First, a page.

Jonathan Taylor is an independent funeral celebrant in Totnes, and an occasional funeral arranger and conductor for green fuse. That’s not all he is, of course. There’s a lot more to Jonathan. He’s got a literary side, for example, and refers to one of his short stories in what follows.
Everyone’s funeral wishes are different. Probably the knack is to get the weight of them right, expectationwise. Too prescriptive you end up telling people how to feel.
You can tell that Jonathan is an industry insider. His funeral wishes give an insight into it.
MY FUNERAL PREFERENCES
I know that families’ dearest wish for a dead person’s funeral is to do “what he would have wanted.” What I want is for my funeral to be the way you want it for me; so as you know, these are my preferences:
I haven’t left a will because there’s no money whatever in my ‘estate’ – hah! (though you can have my car and laptop and anything else you can find if you’re a friend or relative, work it out between you, just get there before any official person does, don’t wait for a decent interval) – so don’t pay any professional for anything at all that you are able and willing to do yourselves, especially not a funeral director or celebrant because we’re expensive. That includes handling, transporting, preparing and storing my dead body (you can use someone’s living room or garage if they’ll let you, take plenty of dry ice to stop it smelling), making its shroud (or coffin), digging and filling in its grave, using a venue (see if you can find a willing café owner), conducting a ceremony for me, and anything else that needs doing. Funerals are a piece of piss, believe me, so don’t get your knickers in a twist about anything, take your time and figure it out together. Particularly, in case anyone wonders, please don’t ask a humanist to officiate because they have their own reasons for wanting to conduct funerals. (And if a funeral director or someone arranges a vicar behind your back by some horrendous misunderstanding, refuse to pay their bill, dig my body up and do it again properly.)
Ideally, I’d like nature to deal with my remains, which means their being left out for the animals and insects to make good use of. In practice, that’s not likely to be legal; but if you can bury my body on private land in a shallow enough grave to turn it into compost (use worm compost to fill the grave if you can), do your best – Sam might know where there’s a field somewhere. I’d rather it wasn’t cremated because its crushed bones (‘ashes’) will still be a disposal problem, and they don’t seem to me to have much significance after they’ve been through the industrial process of a cremator – but again, suit yourselves. (If you go that way, balloon them – ask Ash!)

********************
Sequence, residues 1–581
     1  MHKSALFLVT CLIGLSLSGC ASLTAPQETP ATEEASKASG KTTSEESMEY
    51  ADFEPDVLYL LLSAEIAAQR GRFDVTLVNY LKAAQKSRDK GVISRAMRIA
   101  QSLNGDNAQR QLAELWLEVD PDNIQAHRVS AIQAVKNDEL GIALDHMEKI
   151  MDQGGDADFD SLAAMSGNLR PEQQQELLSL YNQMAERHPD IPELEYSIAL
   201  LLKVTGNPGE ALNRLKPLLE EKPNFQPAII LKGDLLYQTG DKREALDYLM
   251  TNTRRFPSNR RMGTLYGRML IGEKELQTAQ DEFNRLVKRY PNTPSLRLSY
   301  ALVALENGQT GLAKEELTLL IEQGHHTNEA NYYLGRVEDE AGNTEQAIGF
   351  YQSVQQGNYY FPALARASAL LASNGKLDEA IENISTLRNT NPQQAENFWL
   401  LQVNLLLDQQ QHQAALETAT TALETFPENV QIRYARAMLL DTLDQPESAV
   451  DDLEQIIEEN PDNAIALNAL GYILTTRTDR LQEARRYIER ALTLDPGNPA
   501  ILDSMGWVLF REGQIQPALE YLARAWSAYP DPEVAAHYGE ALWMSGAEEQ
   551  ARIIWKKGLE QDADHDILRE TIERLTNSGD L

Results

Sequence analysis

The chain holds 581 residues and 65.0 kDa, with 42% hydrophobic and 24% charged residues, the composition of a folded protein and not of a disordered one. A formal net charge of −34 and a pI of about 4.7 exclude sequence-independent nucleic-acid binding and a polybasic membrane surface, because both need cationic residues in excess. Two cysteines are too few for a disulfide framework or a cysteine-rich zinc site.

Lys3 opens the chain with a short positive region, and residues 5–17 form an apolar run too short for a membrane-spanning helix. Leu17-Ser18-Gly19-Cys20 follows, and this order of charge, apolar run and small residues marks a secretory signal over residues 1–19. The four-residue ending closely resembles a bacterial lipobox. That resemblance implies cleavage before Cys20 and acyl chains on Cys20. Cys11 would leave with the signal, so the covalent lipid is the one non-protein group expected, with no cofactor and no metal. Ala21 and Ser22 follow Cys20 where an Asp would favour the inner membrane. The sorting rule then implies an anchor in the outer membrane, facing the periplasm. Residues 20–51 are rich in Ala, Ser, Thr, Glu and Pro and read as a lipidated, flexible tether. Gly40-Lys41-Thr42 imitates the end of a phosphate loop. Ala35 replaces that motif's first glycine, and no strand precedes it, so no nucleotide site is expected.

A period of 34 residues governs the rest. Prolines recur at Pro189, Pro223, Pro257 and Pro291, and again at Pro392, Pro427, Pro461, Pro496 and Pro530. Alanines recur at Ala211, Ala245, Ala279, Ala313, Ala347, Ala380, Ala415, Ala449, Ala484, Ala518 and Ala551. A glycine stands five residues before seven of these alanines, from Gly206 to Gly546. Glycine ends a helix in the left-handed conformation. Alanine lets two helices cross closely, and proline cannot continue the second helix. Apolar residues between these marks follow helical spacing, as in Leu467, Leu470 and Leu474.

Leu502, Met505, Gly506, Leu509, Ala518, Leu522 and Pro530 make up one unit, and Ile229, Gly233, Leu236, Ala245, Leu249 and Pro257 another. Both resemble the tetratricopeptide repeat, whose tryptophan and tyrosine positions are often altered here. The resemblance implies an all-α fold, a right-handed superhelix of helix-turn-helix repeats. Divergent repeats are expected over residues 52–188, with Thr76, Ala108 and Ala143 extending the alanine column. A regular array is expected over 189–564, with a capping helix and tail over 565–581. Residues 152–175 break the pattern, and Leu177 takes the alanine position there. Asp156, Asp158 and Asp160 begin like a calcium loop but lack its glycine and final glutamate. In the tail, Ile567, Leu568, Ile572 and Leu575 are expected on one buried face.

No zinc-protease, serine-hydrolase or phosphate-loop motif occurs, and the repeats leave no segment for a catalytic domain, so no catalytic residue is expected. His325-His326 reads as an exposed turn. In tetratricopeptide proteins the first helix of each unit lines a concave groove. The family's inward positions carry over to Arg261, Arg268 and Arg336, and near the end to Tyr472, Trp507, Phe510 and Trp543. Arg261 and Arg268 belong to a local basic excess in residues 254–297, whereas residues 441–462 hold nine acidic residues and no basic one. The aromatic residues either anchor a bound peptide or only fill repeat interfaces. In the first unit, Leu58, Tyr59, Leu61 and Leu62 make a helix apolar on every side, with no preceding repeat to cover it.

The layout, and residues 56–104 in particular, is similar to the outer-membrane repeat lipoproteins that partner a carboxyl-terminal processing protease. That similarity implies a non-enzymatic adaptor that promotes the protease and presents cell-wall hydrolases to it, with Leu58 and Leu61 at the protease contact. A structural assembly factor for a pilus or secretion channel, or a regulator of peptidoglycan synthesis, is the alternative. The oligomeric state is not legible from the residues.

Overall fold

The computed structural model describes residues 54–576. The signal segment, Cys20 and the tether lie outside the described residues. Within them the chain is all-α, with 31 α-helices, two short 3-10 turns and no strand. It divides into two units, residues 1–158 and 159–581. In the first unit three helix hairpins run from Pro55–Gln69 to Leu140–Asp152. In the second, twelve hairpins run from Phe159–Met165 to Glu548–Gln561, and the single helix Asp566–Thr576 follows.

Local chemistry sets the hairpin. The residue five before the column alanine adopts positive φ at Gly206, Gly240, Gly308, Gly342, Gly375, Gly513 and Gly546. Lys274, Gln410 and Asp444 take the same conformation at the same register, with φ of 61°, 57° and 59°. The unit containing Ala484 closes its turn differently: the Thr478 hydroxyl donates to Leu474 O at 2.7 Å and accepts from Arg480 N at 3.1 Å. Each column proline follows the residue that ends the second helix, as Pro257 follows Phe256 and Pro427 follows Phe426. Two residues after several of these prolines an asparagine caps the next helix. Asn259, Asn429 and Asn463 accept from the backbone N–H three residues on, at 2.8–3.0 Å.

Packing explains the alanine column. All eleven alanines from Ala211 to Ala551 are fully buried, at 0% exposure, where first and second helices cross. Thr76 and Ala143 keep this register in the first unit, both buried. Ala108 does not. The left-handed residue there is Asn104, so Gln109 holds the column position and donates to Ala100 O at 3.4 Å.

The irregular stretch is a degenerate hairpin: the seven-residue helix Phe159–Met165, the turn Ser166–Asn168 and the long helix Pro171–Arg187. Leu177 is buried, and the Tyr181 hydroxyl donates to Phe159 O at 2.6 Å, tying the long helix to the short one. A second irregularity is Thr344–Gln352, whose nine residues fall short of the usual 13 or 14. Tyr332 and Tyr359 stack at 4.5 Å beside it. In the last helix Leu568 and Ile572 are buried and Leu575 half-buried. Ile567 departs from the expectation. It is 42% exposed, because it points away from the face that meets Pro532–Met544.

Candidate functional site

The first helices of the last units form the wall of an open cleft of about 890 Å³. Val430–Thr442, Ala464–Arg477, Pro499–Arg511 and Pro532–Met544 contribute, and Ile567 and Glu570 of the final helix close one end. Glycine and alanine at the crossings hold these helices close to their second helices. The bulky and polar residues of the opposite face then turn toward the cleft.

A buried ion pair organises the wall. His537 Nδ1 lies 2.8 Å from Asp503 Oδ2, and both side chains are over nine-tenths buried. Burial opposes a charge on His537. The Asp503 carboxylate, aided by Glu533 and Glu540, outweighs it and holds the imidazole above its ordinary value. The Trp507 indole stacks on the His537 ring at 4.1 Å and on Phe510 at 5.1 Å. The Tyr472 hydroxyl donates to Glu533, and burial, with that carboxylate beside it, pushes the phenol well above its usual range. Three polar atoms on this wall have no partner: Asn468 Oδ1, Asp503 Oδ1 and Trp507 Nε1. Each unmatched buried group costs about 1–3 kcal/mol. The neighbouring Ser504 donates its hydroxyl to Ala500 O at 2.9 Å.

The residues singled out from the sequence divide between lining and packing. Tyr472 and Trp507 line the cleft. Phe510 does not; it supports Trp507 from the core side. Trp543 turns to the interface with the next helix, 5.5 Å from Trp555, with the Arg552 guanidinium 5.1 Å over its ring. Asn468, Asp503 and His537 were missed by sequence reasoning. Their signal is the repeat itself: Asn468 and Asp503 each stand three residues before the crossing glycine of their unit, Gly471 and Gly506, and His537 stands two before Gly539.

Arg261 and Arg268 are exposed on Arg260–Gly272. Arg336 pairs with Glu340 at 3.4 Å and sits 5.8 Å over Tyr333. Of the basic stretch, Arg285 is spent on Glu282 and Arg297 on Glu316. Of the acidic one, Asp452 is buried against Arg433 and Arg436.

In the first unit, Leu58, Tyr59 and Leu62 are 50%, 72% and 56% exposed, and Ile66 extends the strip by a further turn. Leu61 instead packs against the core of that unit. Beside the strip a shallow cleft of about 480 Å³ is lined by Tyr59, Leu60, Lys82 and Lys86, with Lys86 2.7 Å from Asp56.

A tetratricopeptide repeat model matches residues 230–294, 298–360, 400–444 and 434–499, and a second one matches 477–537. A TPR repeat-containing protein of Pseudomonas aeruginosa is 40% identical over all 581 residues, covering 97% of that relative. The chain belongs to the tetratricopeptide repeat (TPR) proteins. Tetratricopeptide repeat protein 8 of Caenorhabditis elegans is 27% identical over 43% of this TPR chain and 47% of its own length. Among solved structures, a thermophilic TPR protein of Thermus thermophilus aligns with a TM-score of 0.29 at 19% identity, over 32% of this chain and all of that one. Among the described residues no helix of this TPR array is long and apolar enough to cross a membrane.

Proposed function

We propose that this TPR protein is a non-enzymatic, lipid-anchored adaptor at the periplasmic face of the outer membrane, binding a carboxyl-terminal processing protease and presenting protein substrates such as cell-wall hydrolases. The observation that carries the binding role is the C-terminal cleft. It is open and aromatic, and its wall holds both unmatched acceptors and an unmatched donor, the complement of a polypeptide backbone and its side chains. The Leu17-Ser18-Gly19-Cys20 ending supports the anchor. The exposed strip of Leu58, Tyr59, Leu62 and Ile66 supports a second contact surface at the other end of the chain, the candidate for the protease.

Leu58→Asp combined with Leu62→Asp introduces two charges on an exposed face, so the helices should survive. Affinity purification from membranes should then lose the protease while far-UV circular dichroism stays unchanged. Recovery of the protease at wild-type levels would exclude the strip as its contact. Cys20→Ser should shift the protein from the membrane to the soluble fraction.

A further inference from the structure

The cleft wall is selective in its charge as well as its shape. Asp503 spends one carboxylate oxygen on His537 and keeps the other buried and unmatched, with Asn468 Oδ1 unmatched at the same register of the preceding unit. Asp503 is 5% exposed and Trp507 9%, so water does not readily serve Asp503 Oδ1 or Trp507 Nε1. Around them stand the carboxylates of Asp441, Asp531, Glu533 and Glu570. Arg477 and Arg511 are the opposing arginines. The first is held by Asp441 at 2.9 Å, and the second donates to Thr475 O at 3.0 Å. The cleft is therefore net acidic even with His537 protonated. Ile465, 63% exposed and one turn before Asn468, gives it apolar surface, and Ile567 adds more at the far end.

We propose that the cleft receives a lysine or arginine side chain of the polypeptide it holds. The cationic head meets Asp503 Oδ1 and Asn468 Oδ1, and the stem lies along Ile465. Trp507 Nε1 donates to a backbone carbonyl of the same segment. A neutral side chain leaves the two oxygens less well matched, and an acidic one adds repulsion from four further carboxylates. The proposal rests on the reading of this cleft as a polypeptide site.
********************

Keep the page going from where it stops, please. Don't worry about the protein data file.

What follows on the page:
For my ceremony, if you want one, be as informal as possible. Some of you have read my story, ‘The Wrong Side of the Sky’, and that tells you all you need to know; in fact you can read it out if you like, rather than a poem unless it’s one of mine (top drawer in my filing cabinet). You can play Shel Silverstein’s ‘Have Another Espresso’ from his 1963 album ‘Inside Folk Songs’ (Jenny at World Music & Video can get it, £16). I’ll come back and haunt anyone who turns up in anything other than their work clothes, or who shows any contrived respect for the occasion. Think of it as going for a cup of coffee with me, and take it from there. Above all, I’d like my body to be taken to the ceremony and on to the grave in a works vehicle of some kind such as a van, certainly not a hearse unless it’s someone’s classic toy. Some of you can ride in the back with my corpse if you like.
Gather close round my grave and play Pink Floyd’s ‘Great Gig in the Sky’ at full volume when you settle my coffin (I love that lady who sings on it, she’s got guts), and join in the words. You’re going to miss me and it will hurt like hell, and you’ll need each other, so yell and scream and let each other know about it, it’s okay with me. I’ll miss you too.
Lots of love,